Ankara: Turkey said on Friday that a French pledge to help stabilise a region of northern Syria controlled by Kurdish-dominated forces amounted to support for terrorism and could make France a “target of Turkey”. French backing for the Syrian Democratic Forces (SDF), spearheaded by the Kurdish YPG militia, has angered Ankara at a time when it is fighting the YPG in northern Syria and considers it a terrorist organisation. President Tayyip Erdogan said France had taken a “completely wrong approach” on Syria, adding that he exchanged heated words with his French counterpart, Emmanuel Macron, last week.
The split with France is the latest rift between Turkey under Erdogan and its NATO allies in the West. Turkey has long complained about U. S. support for the SDF, among a number of irritants to ties with the leading NATO power. Last year it compared the German and Dutch authorities to Nazis for restricting pro-Erdogan demonstrations during a campaign for a referendum to give him greater powers.
The White House said President Donald Trump, who added fresh uncertainty on Thursday when he said that the United States would be “coming out of Syria” very soon, spoke to Erdogan on Friday “to discuss regional developments and the strategic partnership between the United States and Turkey”.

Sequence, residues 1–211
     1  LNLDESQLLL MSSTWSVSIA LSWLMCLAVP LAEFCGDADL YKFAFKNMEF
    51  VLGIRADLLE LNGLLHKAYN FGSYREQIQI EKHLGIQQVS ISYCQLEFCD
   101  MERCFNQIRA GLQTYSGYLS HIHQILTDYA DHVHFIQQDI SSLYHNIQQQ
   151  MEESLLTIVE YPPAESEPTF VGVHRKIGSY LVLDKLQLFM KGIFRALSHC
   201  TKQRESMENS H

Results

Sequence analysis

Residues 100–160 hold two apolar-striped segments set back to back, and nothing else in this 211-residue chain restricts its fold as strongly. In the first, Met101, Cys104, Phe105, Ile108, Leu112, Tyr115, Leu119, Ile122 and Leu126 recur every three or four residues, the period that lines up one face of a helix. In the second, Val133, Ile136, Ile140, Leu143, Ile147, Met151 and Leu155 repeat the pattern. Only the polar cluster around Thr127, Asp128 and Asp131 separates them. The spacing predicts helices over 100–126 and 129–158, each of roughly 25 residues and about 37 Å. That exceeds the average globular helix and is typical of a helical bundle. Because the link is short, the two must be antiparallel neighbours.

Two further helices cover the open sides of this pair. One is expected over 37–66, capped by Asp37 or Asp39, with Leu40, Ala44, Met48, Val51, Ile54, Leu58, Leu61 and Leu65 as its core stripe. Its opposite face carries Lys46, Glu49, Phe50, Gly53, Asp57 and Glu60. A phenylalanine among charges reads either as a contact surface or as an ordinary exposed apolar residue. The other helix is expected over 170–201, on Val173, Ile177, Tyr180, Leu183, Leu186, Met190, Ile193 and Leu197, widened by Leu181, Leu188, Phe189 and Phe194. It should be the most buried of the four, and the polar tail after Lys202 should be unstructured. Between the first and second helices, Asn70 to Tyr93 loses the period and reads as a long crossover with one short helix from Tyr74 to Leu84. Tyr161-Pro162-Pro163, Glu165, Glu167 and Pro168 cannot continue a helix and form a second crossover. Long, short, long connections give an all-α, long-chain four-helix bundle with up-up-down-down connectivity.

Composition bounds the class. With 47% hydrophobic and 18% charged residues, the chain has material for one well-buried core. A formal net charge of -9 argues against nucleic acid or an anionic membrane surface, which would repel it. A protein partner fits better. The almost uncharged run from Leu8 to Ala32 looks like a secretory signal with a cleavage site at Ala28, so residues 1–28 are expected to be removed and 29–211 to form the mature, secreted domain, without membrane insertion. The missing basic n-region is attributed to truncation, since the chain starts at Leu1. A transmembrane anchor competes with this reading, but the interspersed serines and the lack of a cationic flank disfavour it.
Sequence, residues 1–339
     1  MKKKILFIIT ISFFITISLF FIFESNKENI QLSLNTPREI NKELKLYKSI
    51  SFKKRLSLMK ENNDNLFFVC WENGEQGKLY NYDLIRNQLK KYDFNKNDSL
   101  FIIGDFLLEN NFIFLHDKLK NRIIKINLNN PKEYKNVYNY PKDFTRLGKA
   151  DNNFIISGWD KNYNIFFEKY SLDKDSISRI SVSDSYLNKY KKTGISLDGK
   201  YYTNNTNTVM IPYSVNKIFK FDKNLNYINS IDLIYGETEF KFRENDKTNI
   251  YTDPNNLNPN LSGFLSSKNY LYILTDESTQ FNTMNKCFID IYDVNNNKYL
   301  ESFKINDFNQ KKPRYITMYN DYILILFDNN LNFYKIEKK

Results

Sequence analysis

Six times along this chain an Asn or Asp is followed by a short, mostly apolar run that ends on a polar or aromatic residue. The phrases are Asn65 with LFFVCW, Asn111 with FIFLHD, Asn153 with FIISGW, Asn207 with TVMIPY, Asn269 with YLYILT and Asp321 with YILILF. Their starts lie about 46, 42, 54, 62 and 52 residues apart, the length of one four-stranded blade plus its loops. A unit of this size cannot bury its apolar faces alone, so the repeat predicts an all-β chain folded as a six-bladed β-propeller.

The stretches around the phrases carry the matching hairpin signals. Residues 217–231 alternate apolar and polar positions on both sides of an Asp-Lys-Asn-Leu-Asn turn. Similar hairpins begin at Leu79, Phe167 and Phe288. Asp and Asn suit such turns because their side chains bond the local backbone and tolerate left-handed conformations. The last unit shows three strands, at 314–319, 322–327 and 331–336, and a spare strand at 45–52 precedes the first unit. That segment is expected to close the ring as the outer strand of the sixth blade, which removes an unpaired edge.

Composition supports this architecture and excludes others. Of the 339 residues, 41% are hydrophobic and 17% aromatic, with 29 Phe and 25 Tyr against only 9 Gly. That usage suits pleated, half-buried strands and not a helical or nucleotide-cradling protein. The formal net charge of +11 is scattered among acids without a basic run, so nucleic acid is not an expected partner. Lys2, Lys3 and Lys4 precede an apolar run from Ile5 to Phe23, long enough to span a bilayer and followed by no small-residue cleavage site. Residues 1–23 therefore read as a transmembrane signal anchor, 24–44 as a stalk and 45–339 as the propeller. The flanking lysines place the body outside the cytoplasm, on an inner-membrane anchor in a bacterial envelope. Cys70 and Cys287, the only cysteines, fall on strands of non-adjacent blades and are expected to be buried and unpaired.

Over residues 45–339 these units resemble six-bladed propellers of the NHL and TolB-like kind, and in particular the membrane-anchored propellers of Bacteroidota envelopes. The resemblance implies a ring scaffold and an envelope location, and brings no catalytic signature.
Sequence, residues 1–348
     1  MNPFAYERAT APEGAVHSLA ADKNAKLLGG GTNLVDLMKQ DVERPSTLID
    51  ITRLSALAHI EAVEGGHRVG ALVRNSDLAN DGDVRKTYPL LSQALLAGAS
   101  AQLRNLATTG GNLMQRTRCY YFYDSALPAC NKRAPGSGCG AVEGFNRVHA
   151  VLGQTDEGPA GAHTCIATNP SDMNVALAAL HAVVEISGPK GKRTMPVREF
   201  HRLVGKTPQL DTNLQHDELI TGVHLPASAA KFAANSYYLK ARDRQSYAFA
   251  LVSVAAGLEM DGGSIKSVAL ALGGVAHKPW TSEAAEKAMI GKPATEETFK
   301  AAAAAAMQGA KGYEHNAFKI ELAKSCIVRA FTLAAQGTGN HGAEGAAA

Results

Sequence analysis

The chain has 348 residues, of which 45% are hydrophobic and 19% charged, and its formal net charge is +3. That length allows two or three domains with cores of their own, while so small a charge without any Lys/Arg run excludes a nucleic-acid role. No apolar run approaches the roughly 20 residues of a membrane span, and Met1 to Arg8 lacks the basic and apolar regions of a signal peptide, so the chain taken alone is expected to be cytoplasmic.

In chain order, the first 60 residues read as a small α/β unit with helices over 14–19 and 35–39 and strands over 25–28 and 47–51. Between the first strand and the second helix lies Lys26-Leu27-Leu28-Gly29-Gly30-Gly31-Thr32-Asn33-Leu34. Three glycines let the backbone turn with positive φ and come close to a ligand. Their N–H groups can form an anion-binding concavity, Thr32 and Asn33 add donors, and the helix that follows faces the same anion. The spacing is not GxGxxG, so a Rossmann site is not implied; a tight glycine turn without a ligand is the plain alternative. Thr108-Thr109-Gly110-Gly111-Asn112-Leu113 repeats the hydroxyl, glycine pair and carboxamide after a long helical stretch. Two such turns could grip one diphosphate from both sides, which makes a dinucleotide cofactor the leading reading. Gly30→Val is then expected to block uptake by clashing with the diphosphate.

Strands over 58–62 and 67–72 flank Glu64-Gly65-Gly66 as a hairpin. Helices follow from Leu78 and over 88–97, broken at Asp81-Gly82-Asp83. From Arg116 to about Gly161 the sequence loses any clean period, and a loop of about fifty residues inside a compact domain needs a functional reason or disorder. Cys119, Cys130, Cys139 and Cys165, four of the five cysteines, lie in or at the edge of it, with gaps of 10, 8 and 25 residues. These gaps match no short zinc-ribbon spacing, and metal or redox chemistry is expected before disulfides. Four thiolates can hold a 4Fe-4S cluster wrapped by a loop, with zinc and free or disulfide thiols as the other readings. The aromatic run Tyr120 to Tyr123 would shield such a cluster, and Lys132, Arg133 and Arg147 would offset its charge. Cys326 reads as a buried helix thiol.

“The two leaders expressed support for continued efforts to increase cooperation between their two countries, to advance shared interests as NATO allies, and to work through issues that affect the bilateral relationship,” a White House statement said.
Turkish Deputy Prime Minister Bekir Bozdag said the French stance was setting Paris on a collision course with Ankara. “Those who enter into cooperation and solidarity with terror groups against Turkey . . . will, like the terrorists, become a target of Turkey,” Bozdag, who is also the Turkish government spokesman, wrote on Twitter. “We hope France does not take such an irrational step. “
Macron met an SDF delegation on Thursday and gave assurances of French support to stabilise northern Syria. A presidential source later said France could increase its military contribution to the U. S. -led coalition which – alongside the SDF – is fighting Islamic State in Syria. The United States has 2,000 troops in SDF-held territory, and France also has some troops there as part of the coalition. Ankara considers the YPG fighters in the SDF to be an extension of Kurdish militants who have waged a decades-old insurgency in southeast Turkey.